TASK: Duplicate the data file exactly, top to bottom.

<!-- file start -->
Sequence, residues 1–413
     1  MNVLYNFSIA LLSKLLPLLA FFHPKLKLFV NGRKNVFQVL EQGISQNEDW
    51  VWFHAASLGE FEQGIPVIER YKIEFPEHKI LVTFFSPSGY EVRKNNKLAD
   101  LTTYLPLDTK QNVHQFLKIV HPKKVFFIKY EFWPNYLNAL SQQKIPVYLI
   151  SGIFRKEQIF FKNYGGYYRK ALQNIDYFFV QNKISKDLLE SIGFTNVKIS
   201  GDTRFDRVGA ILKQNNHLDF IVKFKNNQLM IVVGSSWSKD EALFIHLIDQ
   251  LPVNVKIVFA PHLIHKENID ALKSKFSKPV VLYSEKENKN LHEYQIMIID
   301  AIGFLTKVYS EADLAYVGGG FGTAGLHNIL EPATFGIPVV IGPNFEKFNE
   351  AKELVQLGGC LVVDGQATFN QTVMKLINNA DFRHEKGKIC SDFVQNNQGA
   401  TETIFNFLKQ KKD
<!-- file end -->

Sequence, residues 1–413
     1  MNVLYNFSIA LLSKLLPLLA FFHPKLKLFV NGRKNVFQVL EQGISQNEDW
    51  VWFHAASLGE FEQGIPVIER YKIEFPEHKI LVTFFSPSGY EVRKNNKLAD
   101  LTTYLPLDTK QNVHQFLKIV HPKKVFFIKY EFWPNYLNAL SQQKIPVYLI
   151  SGIFRKEQIF FKNYGGYYRK ALQNIDYFFV QNKISKDLLE SIGFTNVKIS
   201  GDTRFDRVGA ILKQNNHLDF IVKFKNNQLM IVVGSSWSKD EALFIHLIDQ
   251  LPVNVKIVFA PHLIHKENID ALKSKFSKPV VLYSEKENKN LHEYQIMIID
   301  AIGFLTKVYS EADLAYVGGG FGTAGLHNIL EPATFGIPVV IGPNFEKFNE
   351  AKELVQLGGC LVVDGQATFN QTVMKLINNA DFRHEKGKIC SDFVQNNQGA
   401  TETIFNFLKQ KKD